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Russia is running out of new rockets and artillery shells and may need to rely on ‘unpredictable’ decades-old ammo instead, US military official says

A Ukrainian soldier of an artillery unit fires towards Russian positions outside Bakhmut on November 8, 2022, amid the Russian invasion of Ukraine.A Ukrainian soldier of an artillery unit fires towards Russian positions outside Bakhmut on November 8, 2022, amid the Russian invasion of Ukraine.

BULENT KILIC/AFP via Getty Images

  • Russian forces are quickly using up their arsenal of fresh ammunition, a US military official said.
  • Because of this, Moscow’s troops may have to fire questionable, decades-old munitions instead.  
  • Russia likely won’t be able to keep up its current rate of artillery and rocket fire past early next year.

Russian forces are quickly burning through their stockpiles of fresh ammunition, and they may soon be forced to use older, unreliable munitions instead, a senior US military official said. 

Stocks of fully serviceable — or new — ammunition are “rapidly dwindling” and putting pressure on Russia to use explosives that are in “degraded conditions,” the official told reporters during a Tuesday briefing, adding that Moscow likely won’t be able to sustain its current rate of artillery and rocket fire past early 2023.  

For this reason, the official said, Russian forces have to assess their tolerance for “increased failure rates, unpredictable performance” and if the “degraded munitions” need to be restored. But since Russia has already shown over the course of the war that it will draw from an “aging” stockpile of weapons, armor, and munitions, there are indications that the country is willing to risk using ammunition that was manufactured more than 40 years ago, the official said.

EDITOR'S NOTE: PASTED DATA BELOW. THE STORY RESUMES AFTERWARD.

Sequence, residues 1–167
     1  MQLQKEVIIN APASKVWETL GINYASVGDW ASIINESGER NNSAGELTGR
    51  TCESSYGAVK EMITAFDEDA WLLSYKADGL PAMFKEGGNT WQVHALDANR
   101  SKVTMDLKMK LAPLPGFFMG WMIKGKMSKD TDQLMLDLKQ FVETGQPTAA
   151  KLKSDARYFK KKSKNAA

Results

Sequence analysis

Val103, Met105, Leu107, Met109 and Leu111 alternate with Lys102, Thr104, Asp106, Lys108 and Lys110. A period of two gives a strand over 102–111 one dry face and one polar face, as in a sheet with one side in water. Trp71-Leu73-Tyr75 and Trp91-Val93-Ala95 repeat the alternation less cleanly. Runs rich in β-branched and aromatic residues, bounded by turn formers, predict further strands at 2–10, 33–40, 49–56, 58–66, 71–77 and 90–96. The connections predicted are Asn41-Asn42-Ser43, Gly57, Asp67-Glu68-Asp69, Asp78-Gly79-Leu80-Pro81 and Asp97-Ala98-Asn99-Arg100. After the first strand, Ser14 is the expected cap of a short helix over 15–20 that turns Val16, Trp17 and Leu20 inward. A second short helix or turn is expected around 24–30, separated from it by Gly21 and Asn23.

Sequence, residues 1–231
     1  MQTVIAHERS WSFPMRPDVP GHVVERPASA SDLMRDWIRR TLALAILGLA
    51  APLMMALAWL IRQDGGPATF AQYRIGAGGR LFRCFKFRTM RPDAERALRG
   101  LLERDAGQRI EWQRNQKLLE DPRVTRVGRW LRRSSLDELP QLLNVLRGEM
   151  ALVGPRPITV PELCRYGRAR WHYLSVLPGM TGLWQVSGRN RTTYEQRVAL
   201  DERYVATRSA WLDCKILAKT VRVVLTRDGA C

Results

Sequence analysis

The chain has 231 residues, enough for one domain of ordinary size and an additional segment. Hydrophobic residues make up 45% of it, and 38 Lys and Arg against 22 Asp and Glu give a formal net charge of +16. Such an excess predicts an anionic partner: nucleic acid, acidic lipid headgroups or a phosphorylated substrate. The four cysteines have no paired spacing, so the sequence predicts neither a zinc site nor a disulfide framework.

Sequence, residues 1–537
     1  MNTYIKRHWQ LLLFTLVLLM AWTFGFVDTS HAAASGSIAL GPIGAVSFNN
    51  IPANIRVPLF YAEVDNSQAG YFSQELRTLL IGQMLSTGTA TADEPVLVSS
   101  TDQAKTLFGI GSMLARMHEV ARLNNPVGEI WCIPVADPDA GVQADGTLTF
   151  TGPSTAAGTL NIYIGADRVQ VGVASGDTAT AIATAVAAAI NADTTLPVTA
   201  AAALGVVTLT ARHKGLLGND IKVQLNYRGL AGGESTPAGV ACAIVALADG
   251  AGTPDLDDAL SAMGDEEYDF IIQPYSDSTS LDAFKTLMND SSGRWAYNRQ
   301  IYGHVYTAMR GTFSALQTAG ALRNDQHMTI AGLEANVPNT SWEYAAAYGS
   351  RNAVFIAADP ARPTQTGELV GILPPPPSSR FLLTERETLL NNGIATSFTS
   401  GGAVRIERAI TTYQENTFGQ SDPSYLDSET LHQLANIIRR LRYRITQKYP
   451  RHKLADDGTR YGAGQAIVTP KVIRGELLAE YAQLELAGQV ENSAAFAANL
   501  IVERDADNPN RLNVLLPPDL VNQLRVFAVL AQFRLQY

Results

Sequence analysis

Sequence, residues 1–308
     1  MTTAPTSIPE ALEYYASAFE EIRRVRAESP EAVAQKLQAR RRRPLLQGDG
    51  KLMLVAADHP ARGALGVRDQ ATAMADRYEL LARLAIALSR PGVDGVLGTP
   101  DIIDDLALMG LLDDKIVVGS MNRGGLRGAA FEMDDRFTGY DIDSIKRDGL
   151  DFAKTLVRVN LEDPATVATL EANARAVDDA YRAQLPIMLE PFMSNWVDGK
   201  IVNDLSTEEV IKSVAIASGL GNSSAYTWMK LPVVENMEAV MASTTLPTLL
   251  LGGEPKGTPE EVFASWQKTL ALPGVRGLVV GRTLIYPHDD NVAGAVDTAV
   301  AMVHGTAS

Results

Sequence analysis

Western intelligence previously assessed that Russia has pulled obsolete tanks out of storage and outfitted its soldiers with Soviet-era rifles that were rendered barely usable due to poor storage over the years.  

If rockets and artillery shells are kept in storage for a long period of time without proper care and maintenance, they have the potential to degrade, putting them at risk to explode when they’re not supposed to or simply not explode at all.

“In other words,” the senior military official said, “you load the ammunition, and you cross your fingers and hope it’s going to fire. Or, when it lands that it’s going to explode.”

The official added that the “Russian military will very likely struggle to replenish its reserve of fully-serviceable artillery and rocket ammunition through foreign suppliers, increased domestic production and refurbishment.”

Director of National Intelligence Avril Haines, the top US intelligence official, delivered similar remarks earlier in December and said that Russia is burning through its munitions stockpiles faster than the country’s arms makers can replace them.

And as Russia expends its stockpiles of artillery and precision-guided munitions in Ukraine, it continues to face sweeping and hard-hitting international sanctions. US officials have said this pressure on Russia is why Moscow is turning to countries like Iran and North Korea for help. 

“This is why it’s not surprising that they’re reaching out to countries like Iran and North Korea to try to obtain some more dependable ammunition,” the senior military official said Tuesday of Russia’s struggle to restock its arsenal of munitions.

A top UK envoy said Friday at the United Nations that Russia is looking to secure “hundreds” of ballistic missiles from Iran, and in return, it is offering the country “unprecedented” military and technical support.

Iran previously provided Russia with a variety of combat drones, including the Shahed-136 — a suicide drone which for weeks this past fall became a go-to weapon for Moscow as it carried out attacks against Ukraine’s civilian infrastructure, specifically in the energy sector.

Read the original article on Business Insider